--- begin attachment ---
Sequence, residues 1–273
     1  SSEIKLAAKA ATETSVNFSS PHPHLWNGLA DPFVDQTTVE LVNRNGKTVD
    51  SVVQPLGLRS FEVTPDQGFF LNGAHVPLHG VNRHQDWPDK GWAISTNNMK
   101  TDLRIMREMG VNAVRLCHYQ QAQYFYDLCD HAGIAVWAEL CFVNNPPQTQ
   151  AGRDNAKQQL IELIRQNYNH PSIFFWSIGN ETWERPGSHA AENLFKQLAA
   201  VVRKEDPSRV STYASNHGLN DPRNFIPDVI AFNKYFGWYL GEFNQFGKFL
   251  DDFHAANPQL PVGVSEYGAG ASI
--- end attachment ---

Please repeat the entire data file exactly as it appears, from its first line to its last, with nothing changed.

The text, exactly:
Sequence, residues 1–273
     1  SSEIKLAAKA ATETSVNFSS PHPHLWNGLA DPFVDQTTVE LVNRNGKTVD
    51  SVVQPLGLRS FEVTPDQGFF LNGAHVPLHG VNRHQDWPDK GWAISTNNMK
   101  TDLRIMREMG VNAVRLCHYQ QAQYFYDLCD HAGIAVWAEL CFVNNPPQTQ
   151  AGRDNAKQQL IELIRQNYNH PSIFFWSIGN ETWERPGSHA AENLFKQLAA
   201  VVRKEDPSRV STYASNHGLN DPRNFIPDVI AFNKYFGWYL GEFNQFGKFL
   251  DDFHAANPQL PVGVSEYGAG ASI